On Wednesday, September 30th 2020, RapidSOS and Avive Solutions hosted a webinar, “How Connected Health Devices are Tackling the COVID Data Gap in Emergencies.”
Eugene Hsu, MD, MBA, Head of Healthcare at RapidSOS, sat down with Sameer Jafri, President and COO of Avive Solutions. They spoke about:
You can find the full recording of the webinar here.
Sameer shared an insightful personal story about a close family member who experienced a sudden cardiac arrest. The individual collapsed on their bed, was unresponsive, and not breathing properly. His family called 911 for help, and the telecommunicator instructed them to begin delivering CPR while the ambulance was dispatched.
About 15 minutes later, EMS arrived on scene, but it was unfortunately too late. What the telecommunicator and EMTs didn’t know was that Sameer’s family was performing CPR on the bed – CPR is supposed to be performed on a hard, flat surface to ensure even pumping throughout the body.
The tragedy of a lost loved one was compounded by the fact that it could have been prevented. If telecommunicators had access to more information about the scene, the outcome could have changed. The reality is that this kind of scenario occurs over 400,000 times a year in America alone.
The reality is that 911 first responders rely on details shared during an emergency phone call. Sameer and his family were untrained, panicked, and nervous, but the system as it is puts so much responsibility and pressure on them to act. The lack of data shared with dispatchers, first responders, and healthcare providers, results in worse outcomes before patients even reach the hospital.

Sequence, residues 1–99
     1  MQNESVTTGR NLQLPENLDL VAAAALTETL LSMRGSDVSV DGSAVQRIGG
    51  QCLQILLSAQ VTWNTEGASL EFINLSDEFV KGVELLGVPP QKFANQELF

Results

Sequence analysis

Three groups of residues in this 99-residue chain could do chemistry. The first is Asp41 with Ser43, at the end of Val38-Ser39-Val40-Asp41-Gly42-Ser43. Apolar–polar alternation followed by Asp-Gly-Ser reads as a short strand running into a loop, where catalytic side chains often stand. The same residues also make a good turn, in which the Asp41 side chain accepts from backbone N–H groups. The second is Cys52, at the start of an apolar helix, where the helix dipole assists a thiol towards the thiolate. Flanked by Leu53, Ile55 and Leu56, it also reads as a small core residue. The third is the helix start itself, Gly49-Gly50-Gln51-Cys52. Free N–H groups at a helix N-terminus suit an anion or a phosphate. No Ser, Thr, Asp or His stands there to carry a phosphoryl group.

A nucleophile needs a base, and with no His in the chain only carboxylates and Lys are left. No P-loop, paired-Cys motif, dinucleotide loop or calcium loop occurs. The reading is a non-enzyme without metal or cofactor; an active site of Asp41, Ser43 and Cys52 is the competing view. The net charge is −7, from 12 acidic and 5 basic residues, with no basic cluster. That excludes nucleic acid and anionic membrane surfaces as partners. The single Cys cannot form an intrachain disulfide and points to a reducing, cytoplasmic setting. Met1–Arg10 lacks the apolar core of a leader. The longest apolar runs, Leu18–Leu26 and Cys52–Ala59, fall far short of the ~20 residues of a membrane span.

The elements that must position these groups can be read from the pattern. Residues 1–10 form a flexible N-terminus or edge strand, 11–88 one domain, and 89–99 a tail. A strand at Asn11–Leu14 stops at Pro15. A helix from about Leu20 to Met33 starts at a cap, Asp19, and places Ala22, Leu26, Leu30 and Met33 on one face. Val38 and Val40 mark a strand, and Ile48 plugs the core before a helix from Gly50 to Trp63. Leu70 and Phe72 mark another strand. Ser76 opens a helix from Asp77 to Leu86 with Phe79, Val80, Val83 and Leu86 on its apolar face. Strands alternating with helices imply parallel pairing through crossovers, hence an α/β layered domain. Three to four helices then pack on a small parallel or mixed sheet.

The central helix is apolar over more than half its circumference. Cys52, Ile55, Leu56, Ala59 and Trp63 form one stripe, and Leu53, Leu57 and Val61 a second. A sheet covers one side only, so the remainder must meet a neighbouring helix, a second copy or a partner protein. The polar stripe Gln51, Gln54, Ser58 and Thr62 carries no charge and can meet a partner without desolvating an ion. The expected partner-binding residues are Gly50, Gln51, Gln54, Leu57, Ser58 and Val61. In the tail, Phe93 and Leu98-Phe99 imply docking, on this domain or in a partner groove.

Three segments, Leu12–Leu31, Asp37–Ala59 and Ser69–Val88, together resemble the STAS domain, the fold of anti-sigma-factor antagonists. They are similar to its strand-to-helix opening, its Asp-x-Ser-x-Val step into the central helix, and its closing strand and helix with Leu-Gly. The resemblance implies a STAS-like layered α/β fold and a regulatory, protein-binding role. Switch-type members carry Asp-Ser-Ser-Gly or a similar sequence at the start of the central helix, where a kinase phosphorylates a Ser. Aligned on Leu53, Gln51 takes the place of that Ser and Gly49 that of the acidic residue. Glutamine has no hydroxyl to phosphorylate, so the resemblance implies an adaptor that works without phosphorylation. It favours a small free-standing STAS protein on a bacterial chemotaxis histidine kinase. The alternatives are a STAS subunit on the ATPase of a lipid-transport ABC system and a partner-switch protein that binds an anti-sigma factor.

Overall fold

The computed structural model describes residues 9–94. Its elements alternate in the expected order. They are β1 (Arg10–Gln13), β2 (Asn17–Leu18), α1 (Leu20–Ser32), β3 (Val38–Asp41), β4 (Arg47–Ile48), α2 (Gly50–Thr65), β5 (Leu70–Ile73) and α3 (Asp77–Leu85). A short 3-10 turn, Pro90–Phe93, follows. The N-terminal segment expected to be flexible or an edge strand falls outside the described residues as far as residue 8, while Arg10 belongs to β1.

The COVID-19 pandemic unmasked deficiencies in the way healthcare providers, responders, and payers deliver care. Strained workforces and rapidly changing circumstances have made it extremely difficult to provide care at the scale necessary to fight the virus.
A large reason behind that is the lack of communication between providers on either side of an emergency response. During COVID, something as simple as a positive or negative test result can make a huge difference in how care is delivered. In the case of a cardiac arrest, connected devices are more important than ever, since they can make a huge impact in cardiac arrest intervention before first responders can arrive on scene.
Consumers and first responders want to share this data, whether it’s simply profile information about a caller, medical and allergy information, or pulsox symmetry data for respiratory problems.
As Eugene describes it, “People want 911 to have this data, to protect themselves and their loved ones. It’s especially important during COVID, when caretakers aren’t working or are unable to be in the room with the people they’re taking care of.”
To overcome this challenge, connected health devices like Avive’s AEDs are sharing data downstream with telecommunicators, first responders, and healthcare providers to materially impact the way care is delivered. This data is useful across the board, whether it’s before first responders get on scene, in the ambulance, or in the ER.
One way these devices are bridging the gap is by connecting directly to public safety through the emergency response data platform. The impact is expedited response times, better informed first responders, and better emergency outcomes.
“If you can get AED therapy on scene faster, you can save thousands of lives during cardiac arrest annually,” said Sameer Jafri.